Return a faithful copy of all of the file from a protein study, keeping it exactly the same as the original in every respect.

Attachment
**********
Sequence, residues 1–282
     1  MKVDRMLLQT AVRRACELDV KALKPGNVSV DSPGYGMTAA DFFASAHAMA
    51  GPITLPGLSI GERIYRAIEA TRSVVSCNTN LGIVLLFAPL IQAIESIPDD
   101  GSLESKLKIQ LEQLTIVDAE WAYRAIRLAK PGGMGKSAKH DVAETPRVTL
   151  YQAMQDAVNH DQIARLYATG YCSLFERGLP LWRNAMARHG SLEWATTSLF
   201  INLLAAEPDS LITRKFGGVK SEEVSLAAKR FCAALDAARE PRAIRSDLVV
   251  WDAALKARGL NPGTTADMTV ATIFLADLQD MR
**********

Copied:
Sequence, residues 1–282
     1  MKVDRMLLQT AVRRACELDV KALKPGNVSV DSPGYGMTAA DFFASAHAMA
    51  GPITLPGLSI GERIYRAIEA TRSVVSCNTN LGIVLLFAPL IQAIESIPDD
   101  GSLESKLKIQ LEQLTIVDAE WAYRAIRLAK PGGMGKSAKH DVAETPRVTL
   151  YQAMQDAVNH DQIARLYATG YCSLFERGLP LWRNAMARHG SLEWATTSLF
   201  INLLAAEPDS LITRKFGGVK SEEVSLAAKR FCAALDAARE PRAIRSDLVV
   251  WDAALKARGL NPGTTADMTV ATIFLADLQD MR